(b. ca. 1455, Borgonovo Val Tidone, d. ca. 1528, Piacenza)

Interior view

San Sisto, Piacenza

The church and an adjacent convent and hospital were founded in 874 by Queen Angilberga, wife of the Emperor Louis II. The monastery became wealthy due the granting of significant privileges and properties in northern Italy. Over the centuries, several orders of monks and nuns competed for control of this monastery until 1425, when it was assigned to the Benedictine order of Monte Cassino. In 1499, they commissioned the present church from Alessio Tramello, which was consecrated in 1511.

The Benedictines stipulated that he must respect the existing foundations of the medieval church of San Sisto and incorporate the eight granite columns (which now support the vaults of the nave and aisles) remaining from an earlier project of 1494.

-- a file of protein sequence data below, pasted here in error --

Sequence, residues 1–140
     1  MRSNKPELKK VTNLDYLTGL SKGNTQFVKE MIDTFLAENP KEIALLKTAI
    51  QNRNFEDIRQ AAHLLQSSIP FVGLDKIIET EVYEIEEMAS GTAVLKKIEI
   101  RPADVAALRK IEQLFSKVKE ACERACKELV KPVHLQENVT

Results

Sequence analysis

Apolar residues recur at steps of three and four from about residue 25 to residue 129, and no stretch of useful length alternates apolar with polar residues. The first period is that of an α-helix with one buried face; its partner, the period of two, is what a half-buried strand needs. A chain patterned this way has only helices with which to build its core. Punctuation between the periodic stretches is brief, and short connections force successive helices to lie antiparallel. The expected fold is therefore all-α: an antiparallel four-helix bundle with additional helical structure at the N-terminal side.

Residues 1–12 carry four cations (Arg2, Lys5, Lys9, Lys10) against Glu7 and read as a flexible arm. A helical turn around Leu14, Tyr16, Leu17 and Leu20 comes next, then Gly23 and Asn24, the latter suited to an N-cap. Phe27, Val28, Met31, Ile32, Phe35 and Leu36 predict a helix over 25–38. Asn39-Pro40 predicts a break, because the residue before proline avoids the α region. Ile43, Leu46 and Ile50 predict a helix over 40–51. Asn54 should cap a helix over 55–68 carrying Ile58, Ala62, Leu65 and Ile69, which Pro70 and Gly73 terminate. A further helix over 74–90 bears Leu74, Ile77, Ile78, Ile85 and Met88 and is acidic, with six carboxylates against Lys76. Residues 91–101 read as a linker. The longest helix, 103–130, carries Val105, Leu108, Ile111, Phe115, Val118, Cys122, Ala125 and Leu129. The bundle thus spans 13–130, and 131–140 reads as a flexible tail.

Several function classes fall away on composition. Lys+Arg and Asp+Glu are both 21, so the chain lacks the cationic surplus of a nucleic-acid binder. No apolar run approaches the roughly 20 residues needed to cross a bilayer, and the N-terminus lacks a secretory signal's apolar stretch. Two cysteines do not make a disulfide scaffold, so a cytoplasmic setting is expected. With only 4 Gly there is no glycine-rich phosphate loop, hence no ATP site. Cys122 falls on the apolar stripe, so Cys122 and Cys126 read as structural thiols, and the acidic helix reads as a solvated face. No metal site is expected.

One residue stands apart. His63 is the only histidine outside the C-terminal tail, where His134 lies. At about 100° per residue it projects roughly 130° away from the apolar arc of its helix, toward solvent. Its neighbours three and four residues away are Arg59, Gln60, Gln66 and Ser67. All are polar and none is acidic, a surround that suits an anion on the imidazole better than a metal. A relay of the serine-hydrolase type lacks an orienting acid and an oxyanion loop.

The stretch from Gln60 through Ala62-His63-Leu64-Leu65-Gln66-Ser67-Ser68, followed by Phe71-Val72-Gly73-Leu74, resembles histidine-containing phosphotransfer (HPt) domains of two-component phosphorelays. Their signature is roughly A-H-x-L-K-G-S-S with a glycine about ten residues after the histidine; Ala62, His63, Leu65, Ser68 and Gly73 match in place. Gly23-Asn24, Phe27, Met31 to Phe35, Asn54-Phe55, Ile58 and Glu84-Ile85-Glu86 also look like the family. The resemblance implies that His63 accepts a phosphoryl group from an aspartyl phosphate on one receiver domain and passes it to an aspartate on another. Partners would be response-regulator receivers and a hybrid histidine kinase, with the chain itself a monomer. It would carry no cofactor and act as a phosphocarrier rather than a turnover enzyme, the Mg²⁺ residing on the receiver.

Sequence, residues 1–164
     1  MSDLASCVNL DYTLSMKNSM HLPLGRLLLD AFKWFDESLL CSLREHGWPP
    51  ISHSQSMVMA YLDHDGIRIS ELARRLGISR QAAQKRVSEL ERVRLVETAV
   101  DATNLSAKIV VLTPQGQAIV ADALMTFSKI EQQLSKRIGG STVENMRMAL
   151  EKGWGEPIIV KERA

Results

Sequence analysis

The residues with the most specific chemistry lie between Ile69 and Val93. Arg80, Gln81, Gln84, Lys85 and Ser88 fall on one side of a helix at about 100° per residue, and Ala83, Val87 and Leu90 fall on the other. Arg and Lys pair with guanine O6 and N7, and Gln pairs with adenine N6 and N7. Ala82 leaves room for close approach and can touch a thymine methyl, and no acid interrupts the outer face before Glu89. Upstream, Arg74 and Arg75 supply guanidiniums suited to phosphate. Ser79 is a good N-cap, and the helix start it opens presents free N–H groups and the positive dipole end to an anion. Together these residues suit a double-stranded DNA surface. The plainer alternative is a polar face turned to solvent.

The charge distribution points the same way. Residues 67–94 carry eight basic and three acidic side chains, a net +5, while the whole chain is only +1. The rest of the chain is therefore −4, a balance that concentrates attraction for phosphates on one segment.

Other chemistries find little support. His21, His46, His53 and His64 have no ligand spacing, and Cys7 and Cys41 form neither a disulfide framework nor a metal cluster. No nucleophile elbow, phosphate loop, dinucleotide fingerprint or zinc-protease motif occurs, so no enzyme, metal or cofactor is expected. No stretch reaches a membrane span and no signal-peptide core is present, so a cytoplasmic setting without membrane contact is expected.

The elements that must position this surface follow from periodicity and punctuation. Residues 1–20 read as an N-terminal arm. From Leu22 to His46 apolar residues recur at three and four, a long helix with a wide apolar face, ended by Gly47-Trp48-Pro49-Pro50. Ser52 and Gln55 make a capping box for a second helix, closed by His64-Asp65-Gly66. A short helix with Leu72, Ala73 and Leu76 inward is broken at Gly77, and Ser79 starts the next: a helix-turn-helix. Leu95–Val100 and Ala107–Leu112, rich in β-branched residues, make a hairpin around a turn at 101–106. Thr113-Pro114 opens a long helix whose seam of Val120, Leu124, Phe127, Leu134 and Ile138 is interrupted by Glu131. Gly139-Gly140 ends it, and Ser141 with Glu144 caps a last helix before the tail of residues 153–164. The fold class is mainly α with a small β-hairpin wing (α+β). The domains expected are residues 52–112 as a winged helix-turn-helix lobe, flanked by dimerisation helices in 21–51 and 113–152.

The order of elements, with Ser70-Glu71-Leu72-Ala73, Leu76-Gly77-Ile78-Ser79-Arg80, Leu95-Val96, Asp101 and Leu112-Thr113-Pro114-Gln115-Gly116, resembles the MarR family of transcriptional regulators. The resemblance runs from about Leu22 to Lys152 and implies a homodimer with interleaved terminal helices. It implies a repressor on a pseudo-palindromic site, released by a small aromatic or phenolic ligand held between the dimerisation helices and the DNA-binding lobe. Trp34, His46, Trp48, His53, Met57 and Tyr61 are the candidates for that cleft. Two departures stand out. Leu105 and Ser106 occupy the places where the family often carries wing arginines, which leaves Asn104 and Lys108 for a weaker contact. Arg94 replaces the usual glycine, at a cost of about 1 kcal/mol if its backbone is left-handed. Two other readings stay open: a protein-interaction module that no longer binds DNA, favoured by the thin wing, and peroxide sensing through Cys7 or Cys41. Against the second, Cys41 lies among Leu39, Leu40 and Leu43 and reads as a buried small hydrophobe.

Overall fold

The church is a cruciform basilica with a barrel-vaulted nave of five bays flanked by aisles and outer chapels. The aisle bays are square and surmounted by domes; the arcade leading to the outer chapels is supported on cruciform piers, and each chapel consists of a straight bay with an apse. The main transept has apsed arms, but there is a second transept just behind the façade, with a central dome, and here the arms are planned as domed Greek crosses.